Starbucks, Tax Avoidance and Spin

The subject of tax avoidance has been big news this year, with politicians and journalists making much of attempts by wealthy individuals and corporations to pay less tax than they apparently should.  As the rest of us endure times of national austerity, such behaviour is viewed, rightly or wrongly, as antisocial and greedy.  But is this view the right one, or has legitimate tax planning been turned into something unsavoury because of the way it has been portrayed in the media?

The problem, as ever, is defining what is meant by the term “tax avoidance” and then determining what is acceptable and what is not.  This is always a subjective matter and getting a consensus on the subject is nigh on impossible.  For example, suppose I own some shares in BP that are now worth £21,200 more than I paid for them.  If I sell the whole lot, I will crystallize the gain and I will have some capital gains tax to pay.  As I have an annual exemption of £10,600 which I can set against the gain, I will be paying tax at 28% on the remaining £10,600 resulting in a liability of £2,968.  Fair enough, perhaps, but could I get rid of this liability altogether and is such behaviour acceptable?

Well, the short answer to the first question is yes and I don’t have to be particularly clever to do it.  I could simply gift half of the shares to my wife so when we sell we split the gain equally between us, each using our annual exemption to get rid of the tax bill.  The reason the gift to my wife works is that there is a specific tax exemption for gifts between spouses.  Accordingly, I can save nearly £3,000 of tax at a stroke and all I have done is use a well-known bit of the legislation in the way in which it was presumably intended to be used by Parliament.  Would anyone object to this, or am I being antisocial and greedy?

Whatever your thoughts, it is not really this type of basic tax planning that is raising hackles; rather it is the use by the wealthy and expensively-advised of rules that are not well known and, more often than not, used otherwise than in the way in which Parliament intended.  The problem is that the outrage at media stories is leading the government to introduce “anti-abuse” legislation that is going to make life difficult for everyone else, not just the abusers.  Ministers will tell you that they are acting to make sure that everyone pays their “fair share” (whatever that means), but they have responded to a number of perceived issues with legislation that could have a materially adverse effect on those who are not engaged in anything remotely abusive and that does not help anyone as the economy struggles to recover from the current recession.

The latest high-profile name to come under the spotlight is that of Starbucks, the well-known coffee chain.  This international group has come under attack for paying very little in the way of corporation tax on UK turnover running into hundreds of millions of pounds.  So have they been using sharp practice to reduce their tax exposure in some way?  I don’t have enough information to comment, but from such information as is in the public domain, it seems to me that the answer as to why Starbucks pays so little corporation tax is not particularly complicated.  Some of the UK operation’s supplies are received from other companies in the Starbucks group.  These companies are not resident in the UK and in paying them some of the UK operation’s earnings have been diverted overseas.  Is this wrong?  Probably not.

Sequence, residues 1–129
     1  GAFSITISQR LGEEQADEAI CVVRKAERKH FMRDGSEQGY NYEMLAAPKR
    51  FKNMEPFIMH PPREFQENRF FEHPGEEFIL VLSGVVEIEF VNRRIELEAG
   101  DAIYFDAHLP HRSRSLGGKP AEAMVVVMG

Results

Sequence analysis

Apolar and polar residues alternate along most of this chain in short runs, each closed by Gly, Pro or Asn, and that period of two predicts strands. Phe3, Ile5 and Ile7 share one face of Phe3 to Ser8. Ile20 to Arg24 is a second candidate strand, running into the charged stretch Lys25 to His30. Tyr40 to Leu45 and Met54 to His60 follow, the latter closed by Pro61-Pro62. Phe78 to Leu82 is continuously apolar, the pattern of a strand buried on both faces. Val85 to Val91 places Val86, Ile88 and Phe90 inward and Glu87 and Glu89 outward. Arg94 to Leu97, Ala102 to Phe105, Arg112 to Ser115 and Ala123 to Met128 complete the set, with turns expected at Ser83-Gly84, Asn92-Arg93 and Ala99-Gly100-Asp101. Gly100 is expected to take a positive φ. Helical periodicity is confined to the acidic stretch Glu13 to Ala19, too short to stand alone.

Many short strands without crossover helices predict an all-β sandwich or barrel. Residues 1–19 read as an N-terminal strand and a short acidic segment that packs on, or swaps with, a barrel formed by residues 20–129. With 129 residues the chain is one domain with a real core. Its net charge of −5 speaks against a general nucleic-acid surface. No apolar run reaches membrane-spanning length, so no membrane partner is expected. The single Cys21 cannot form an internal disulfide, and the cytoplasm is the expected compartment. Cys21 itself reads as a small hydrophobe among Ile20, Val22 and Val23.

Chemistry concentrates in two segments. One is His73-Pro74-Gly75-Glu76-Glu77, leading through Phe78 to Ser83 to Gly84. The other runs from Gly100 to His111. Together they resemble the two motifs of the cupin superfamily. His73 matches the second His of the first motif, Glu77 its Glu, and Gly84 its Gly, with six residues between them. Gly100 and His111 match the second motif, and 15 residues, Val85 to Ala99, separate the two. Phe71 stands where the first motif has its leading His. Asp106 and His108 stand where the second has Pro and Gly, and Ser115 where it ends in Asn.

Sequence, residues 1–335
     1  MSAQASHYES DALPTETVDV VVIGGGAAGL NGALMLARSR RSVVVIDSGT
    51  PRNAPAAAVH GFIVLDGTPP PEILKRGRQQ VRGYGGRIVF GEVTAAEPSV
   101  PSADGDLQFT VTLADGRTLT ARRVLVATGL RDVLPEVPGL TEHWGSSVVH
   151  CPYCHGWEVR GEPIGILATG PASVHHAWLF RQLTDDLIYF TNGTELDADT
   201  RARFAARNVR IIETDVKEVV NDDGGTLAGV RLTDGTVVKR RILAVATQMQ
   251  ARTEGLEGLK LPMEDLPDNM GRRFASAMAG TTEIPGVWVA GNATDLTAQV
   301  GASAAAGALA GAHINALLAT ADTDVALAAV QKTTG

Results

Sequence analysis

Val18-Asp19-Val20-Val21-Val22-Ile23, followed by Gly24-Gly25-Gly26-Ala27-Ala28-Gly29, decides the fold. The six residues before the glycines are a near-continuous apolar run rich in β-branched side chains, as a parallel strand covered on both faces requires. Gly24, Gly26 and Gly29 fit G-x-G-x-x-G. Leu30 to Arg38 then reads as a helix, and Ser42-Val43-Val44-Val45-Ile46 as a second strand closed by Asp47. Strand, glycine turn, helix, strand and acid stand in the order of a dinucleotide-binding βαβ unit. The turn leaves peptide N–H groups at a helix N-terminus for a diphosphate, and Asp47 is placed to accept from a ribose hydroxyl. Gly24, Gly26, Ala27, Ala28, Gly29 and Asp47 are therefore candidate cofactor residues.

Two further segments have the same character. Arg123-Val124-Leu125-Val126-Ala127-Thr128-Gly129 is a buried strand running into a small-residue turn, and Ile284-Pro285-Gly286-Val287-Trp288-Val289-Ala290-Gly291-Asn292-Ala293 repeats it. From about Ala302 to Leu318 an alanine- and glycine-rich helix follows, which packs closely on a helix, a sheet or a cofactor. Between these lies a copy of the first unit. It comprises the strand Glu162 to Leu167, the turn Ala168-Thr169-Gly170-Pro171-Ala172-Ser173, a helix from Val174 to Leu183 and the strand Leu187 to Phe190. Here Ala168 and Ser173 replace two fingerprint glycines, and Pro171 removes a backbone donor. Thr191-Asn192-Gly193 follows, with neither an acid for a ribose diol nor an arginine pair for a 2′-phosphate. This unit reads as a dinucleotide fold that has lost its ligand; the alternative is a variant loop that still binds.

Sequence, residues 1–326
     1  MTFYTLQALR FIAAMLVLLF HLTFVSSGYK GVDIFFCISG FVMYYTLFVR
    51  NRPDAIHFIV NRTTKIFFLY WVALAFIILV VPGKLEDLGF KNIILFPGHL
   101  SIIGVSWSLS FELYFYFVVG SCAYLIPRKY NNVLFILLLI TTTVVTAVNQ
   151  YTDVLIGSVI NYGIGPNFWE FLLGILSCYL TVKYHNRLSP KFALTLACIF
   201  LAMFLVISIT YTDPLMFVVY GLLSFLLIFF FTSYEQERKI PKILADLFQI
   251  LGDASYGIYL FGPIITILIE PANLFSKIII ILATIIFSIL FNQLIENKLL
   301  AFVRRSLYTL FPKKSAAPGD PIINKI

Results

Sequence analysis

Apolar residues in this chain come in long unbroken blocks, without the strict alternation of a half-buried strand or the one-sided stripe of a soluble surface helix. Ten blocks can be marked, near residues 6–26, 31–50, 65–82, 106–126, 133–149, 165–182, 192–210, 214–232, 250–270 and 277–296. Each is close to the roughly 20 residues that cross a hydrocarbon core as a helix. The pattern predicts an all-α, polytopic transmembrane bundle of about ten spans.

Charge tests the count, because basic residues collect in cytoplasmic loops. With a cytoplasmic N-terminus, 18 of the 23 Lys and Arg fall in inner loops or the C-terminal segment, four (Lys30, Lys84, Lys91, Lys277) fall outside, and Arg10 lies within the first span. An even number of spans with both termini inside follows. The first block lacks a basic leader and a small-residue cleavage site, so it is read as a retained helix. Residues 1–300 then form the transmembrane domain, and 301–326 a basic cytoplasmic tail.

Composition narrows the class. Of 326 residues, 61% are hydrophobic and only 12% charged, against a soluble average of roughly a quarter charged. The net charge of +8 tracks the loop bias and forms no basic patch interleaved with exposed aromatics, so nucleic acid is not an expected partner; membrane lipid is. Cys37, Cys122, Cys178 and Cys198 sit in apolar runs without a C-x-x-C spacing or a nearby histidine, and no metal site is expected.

HM Revenue & Customs have the means to tackle any abuse of this process by using legislation known as the “transfer pricing” rules.  These rules require that transactions between Starbucks’ UK business and its other non-UK businesses are conducted on normal commercial terms and HMRC have the means to remedy the situation and impose penalties if they are not satisfied that this is the case.  In any event, the UK business has to buy those supplies from someone and a simpler explanation might be that a business selling expensive coffee during a recession is not actually making much of a profit at the moment.  That, of course, is not particularly newsworthy.

I would like to see a more objective reporting of tax issues, which have become heavily politicized over the past fifteen years.  We must be able to debate the issues impartially, as well as to keep those issues in perspective.  That multi-million pound turnover generated by Starbuck’s UK operations generates a lot of VAT and all those people that it employs pay a lot of tax and national insurance contributions under PAYE.  Add in stamp duty paid in acquiring outlets as well as local business rates and I suspect that Starbucks are making a tidy contribution to the UK economy, even if they don’t pay much corporation tax.  Surely it’s reasonable to bring this side of the story into the debate, rather than simply leap to the conclusion that something untoward is occurring?

Carl Barwick – Tax Manager

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